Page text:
Analysis: Trump May Lose Mass. Caucuses, But Not For The Reasons You Think

Republican presidential candidate Donald Trump speaks during a campaign rally in Bridgeport, Conn., Saturday. (Michael Dwyer/AP)
Republican presidential candidate Donald Trump speaks during a campaign rally in Bridgeport, Conn., Saturday. (Michael Dwyer/AP)

In the Massachusetts primary vote back in March, Donald Trump wiped the floor with the competition, racking up 49.3 percent of the vote, second only to his dominance last week in his home state of New York.

Despite this, he could come up short in loyal delegates from Massachusetts -- but not for the reasons some have been touting.

Trump’s impressive wins across the country guarantee him the largest swath of delegates on the first ballot at the GOP’s nominating convention. But if Trump doesn't reach an outright majority of delegates on the first ballot, most states’ delegates become “unbound” and can vote for whomever they choose on subsequent votes. That means the loyalties of those delegates could be of crucial importance.

Caucuses Shouldn't Favor Ted Cruz, But May Anyway

The task of selecting Massachusetts delegates is divided among nine caucuses to be held April 30 and a meeting of the Republican State Committee in May.

Conventional wisdom points to two ways that the Massachusetts delegate selection process puts Trump at a disadvantage. Only one of them is really valid. It is certainly the case that caucuses reward campaigns with superior ground organization, and up to this point, Cruz has gotten the better of Trump in this regard, much to the front-runner's frustration. And despite Trump backers' confidence that they are organized for Massachusetts, most insiders think Cruz still has the edge here as well.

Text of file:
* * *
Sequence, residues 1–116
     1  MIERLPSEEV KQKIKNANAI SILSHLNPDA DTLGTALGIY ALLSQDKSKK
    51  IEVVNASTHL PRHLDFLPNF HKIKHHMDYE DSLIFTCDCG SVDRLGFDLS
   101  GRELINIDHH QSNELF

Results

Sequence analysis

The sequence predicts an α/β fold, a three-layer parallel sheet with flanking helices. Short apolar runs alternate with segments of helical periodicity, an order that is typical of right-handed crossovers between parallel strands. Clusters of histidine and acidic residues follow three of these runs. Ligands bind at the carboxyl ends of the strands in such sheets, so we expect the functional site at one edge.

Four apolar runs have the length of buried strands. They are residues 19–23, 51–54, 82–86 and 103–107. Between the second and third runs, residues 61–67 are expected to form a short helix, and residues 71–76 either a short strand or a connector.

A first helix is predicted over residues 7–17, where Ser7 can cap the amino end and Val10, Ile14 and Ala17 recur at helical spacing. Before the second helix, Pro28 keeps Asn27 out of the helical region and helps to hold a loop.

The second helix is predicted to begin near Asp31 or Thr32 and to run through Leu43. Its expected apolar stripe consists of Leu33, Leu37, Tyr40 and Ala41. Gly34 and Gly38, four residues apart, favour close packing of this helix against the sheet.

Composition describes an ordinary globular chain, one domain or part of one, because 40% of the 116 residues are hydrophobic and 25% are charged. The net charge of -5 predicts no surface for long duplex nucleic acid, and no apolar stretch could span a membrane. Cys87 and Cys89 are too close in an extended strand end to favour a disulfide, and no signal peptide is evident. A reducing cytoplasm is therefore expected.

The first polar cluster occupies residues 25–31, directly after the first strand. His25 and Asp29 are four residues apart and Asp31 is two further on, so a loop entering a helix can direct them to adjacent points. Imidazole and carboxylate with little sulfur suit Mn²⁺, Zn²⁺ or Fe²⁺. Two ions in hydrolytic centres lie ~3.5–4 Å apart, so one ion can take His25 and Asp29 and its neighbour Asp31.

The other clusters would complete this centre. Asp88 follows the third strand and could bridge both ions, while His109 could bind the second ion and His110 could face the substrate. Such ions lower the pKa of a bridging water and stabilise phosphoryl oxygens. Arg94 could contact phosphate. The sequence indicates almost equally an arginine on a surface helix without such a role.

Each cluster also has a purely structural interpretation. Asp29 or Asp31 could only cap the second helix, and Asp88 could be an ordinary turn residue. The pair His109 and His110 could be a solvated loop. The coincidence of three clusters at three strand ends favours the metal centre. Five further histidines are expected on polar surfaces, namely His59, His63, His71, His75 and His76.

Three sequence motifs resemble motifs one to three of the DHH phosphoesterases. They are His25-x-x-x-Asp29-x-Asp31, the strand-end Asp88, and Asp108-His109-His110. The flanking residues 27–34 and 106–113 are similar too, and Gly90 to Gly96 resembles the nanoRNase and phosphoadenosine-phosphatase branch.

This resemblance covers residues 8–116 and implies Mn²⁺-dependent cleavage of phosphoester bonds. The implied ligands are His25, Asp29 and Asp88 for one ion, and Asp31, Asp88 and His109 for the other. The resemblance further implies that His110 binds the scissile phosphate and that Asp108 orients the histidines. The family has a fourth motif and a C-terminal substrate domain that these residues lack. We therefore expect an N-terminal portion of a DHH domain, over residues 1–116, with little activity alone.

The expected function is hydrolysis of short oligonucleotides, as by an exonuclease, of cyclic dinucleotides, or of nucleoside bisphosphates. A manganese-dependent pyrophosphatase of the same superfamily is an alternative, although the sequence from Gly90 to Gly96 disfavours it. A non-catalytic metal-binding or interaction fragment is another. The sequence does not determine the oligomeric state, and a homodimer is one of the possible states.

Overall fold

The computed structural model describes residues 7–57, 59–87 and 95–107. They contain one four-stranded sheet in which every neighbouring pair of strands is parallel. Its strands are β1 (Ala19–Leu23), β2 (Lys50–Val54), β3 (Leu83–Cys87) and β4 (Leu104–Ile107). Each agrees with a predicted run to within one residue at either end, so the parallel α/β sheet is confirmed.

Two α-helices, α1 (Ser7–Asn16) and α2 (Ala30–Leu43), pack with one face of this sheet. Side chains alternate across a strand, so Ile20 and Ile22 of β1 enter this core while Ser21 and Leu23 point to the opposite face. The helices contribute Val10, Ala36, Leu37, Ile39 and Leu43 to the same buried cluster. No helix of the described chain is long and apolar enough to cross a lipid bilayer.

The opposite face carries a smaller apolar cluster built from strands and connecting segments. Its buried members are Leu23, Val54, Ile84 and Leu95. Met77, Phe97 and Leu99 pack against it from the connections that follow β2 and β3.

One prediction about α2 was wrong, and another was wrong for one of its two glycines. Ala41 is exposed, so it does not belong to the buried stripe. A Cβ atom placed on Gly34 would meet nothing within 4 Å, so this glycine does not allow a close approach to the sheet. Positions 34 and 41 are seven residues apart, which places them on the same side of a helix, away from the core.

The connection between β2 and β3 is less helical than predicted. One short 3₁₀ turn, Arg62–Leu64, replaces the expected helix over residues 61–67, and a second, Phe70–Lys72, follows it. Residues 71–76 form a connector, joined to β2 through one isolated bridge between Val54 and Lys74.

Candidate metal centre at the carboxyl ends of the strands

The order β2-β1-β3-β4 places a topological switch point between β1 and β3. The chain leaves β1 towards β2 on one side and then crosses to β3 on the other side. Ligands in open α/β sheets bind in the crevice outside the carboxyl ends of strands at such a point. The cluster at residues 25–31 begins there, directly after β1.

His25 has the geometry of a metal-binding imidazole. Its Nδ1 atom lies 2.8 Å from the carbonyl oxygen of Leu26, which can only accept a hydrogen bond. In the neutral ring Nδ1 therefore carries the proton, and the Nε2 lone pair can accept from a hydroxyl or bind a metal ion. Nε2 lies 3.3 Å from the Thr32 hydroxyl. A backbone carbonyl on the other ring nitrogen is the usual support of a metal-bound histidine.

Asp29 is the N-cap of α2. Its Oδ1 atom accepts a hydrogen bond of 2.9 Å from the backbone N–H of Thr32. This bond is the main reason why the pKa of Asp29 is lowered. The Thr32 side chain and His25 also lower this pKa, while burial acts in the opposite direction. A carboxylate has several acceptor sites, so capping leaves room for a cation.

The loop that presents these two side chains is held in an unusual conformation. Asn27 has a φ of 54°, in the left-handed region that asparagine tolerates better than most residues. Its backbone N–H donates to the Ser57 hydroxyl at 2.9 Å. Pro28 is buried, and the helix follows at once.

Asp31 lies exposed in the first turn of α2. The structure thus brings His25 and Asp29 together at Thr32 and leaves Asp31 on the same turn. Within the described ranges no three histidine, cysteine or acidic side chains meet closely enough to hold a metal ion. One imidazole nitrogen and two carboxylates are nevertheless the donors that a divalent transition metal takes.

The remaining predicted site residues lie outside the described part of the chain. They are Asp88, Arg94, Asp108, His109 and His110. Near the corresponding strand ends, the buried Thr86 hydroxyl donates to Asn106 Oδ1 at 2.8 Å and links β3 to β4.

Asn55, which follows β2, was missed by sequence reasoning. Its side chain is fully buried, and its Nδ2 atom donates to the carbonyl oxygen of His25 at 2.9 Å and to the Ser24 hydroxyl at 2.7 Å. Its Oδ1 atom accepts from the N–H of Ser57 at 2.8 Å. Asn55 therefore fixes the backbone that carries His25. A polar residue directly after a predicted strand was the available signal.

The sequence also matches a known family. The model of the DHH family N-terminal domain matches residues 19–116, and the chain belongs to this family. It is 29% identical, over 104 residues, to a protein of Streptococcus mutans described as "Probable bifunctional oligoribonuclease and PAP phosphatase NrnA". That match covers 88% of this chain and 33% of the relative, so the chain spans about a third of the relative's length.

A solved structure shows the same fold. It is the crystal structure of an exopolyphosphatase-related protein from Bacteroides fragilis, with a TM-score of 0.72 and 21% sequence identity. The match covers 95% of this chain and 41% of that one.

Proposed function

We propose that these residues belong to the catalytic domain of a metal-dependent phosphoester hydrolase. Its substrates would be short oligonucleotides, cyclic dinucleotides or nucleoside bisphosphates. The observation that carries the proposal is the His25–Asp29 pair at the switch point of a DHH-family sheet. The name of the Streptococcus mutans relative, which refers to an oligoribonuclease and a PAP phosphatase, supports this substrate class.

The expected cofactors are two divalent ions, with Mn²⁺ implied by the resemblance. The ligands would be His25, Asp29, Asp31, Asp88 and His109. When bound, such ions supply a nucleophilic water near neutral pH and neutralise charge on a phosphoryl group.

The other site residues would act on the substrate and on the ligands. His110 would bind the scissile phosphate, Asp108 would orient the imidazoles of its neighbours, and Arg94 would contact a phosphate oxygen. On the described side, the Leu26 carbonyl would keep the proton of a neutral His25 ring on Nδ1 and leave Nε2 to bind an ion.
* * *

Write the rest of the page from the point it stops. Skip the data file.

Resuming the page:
Some observers have also argued that the closed nature of the caucuses — only registered Republicans can participate — also hurts Trump. A Boston Globe article reported it this way:

Whereas Trump won Massachusetts thanks to the backing of independent voters, only registered Republicans can vote for or run to be a state delegate to the national convention — giving Cruz an edge, said state representative Jim Lyons of Andover, Cruz’s Massachusetts chairman.

And Massachusetts state Committeeman Reed Hillman, a supporter of Ohio Gov. John Kasich, told Politico:

[Excluding independents] is going to change the dynamics in terms of the universe of potential participants. The Trump percentage will be significantly lower. The caucuses — I think they’re going to have a lot of energetic people showing up for either Kasich delegates or Cruz delegates.

But there is scant evidence to back this theory up. Both pre-election polls and exit polls confirm that Trump was equally dominant with Republicans (both registered and self-identified) as he was with independents. He also did equally well with moderate and conservative Massachusetts voters.


According to the polls, Cruz may benefit slightly from excluding independents, but any advantage in this regard comes not at the expense of Trump, but of Kasich, who did better with independent and more moderate voters. If Kasich hopes to maintain or improve his delegate count, he will have to do it with superior organization. The likely ideology of caucus-goers will not be to his added benefit.

State Committee Delegate Selection Remains A Mystery

The April 30 caucuses are only part of the process of picking delegates. Another 12 delegates will be chosen  by the state GOP committee, with the final slots reserved for state party officials. But interviews with party insiders suggest little consensus as to how the state committee will vote on the delegates it gets to pick. Insiders say that fairness is a key concern, but because the state committee votes after the caucuses next week, even determining what is fair is difficult at this point.

One method would be to choose delegates whose loyalties align with the candidate for which they are bound to vote on the first ballot. That would mean that, if the convention went beyond a first ballot, Trump's bound delegates would stay with him, Cruz's with Cruz, and so forth.

On the other hand, if Cruz does rack up big wins in the caucuses, the state committee could tilt toward delegates loyal to Trump, so as to better reflect the results of the primary.

But while the state committee's decision may come down to one's definition of fairness, the caucuses are anybody's game. And if Trump loses there, he will have no one but himself and his organization to blame.

Steve Koczela is president of the MassINC Polling Group and a regular contributor to WBUR Politicker. He tweets @skoczela.



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